Assessing the greenhouse gas emissions of waste-derived ethanol in accordance with the EU RED methodology for biofuels

Kati Koponen, Sampo Soimakallio, Esa Sipilä

    Research output: Book/ReportReport

    2 Citations (Scopus)


    Directive on the promotion of the use of energy from renewable sources in the European Union (EU), also called as RED, was published 5 June 2009 in the Official Journal of the EU (2009/28/EC). It establishes an overall binding target of a 20% share of renewable energy sources in the final energy consumption in the EU by 2020. In addition, a 10% binding minimum target for renewable energy sources in transport is set for each Member State. The RED also introduces environmental sustainability criteria for biofuels and other bioliquids. It states that the greenhouse gas (GHG) emission saving from the use of biofuels and other bioliquids taken into account for the national targets shall be at least 35% for current biofuels, at least 50% after 1 January 2017, and at least 60% after 1 January 2018 for biofuels produced in installations in which production started on or after 1 January 2017. The RED introduces a methodology to calculate the GHG emission savings of biofuels and other bioliquids compared to fossil fuels. In this report the methodology was tested with a case study based on commercial and industrial waste-derived bioethanol production integrated with a CHP plant in Finland. The aim of the report was to study whether the waste ethanol concept gains the 60% GHG emission savings according to the RED methodology or not. Four different interpretations of the RED methodology were considered possible for the studied concept. All these options were calculated with three different process values depending on the need of sterilisation of the waste material and the amount of urea used in the process. Within these four options differences in the system boundary setting and thus allocation of emissions took place resulting in differences in emission saving results. The key question was, whether the CHP plant and the biofuel process were supposed to be treated as one combined process or as two separated ones. The GHG emission savings over 60% were gained when the biofuel process and the CHP plant were assumed to be separate processes and the amount of heat and urea needed in the process were minor. The GHG emission saving of the waste ethanol was highly dependent on the emission factor given for the waste material combusted at the CHP plant. The emission factor was the higher the higher were the plastic and moisture contents of the waste. To gain results with over 60% emission savings, attention should be paid to minimization of the plastic content of waste material combusted. Over 60% emission savings could also be gained if carbon capture and replacement or storage were applied for the biogenic carbon dioxide released from the ethanol processing (fermentation).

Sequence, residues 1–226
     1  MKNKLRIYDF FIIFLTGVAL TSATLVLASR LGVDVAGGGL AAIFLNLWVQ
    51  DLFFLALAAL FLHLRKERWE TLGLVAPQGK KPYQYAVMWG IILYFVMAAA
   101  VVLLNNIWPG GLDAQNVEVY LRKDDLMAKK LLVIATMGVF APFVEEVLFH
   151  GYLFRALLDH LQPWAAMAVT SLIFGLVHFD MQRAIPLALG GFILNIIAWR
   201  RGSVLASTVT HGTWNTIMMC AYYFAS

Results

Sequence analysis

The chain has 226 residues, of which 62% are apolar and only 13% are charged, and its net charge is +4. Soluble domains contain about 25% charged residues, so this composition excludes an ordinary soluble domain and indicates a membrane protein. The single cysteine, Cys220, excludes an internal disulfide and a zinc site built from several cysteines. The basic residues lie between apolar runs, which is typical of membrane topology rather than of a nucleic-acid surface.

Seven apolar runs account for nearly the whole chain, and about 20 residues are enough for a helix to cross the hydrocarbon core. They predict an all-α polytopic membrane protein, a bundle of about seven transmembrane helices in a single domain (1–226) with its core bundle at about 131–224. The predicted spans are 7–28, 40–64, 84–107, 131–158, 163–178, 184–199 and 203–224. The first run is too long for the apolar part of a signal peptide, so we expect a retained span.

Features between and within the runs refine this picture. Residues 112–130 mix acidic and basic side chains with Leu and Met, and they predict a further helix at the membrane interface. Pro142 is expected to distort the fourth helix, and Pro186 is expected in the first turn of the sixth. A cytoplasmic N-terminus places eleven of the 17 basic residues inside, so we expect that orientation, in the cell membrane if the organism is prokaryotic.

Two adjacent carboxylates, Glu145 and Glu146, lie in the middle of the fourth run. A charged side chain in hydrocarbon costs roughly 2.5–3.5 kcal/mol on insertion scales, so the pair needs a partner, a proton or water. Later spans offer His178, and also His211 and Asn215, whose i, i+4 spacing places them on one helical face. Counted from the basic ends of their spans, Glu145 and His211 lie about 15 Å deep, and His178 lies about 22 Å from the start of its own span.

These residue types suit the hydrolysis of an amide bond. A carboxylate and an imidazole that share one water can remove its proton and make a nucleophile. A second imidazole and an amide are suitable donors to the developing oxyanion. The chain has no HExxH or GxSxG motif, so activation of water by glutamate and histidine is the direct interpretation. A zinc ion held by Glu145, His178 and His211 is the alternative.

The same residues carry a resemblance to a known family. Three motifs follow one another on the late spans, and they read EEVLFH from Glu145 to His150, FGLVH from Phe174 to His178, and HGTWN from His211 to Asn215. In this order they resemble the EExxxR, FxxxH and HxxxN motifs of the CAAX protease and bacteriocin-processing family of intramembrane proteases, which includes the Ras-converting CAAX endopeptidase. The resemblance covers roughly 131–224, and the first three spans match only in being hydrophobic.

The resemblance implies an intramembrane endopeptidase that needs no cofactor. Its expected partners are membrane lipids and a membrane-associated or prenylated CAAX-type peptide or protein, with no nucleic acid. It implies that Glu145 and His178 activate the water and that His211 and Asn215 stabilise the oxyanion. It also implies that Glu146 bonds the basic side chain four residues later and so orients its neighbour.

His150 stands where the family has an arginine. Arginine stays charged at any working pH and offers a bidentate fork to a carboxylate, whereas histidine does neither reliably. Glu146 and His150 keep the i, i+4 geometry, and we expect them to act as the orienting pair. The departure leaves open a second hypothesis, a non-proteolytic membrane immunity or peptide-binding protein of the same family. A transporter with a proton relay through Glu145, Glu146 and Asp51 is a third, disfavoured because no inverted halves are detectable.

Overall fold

Original languageEnglish
    Place of PublicationEspoo
    PublisherVTT Technical Research Centre of Finland
    Number of pages52
    ISBN (Electronic)978-951-38-7350-5
    ISBN (Print)978-951-38-7332-5
    Publication statusPublished - 2009
    MoE publication typeNot Eligible

    Publication series

    SeriesVTT Tiedotteita - Research Notes


    • renewable energy
    • liquid biofuel
    • ethanol
    • waste
    • greenhouse gas emission
    • LCA
    • sustainability criteria


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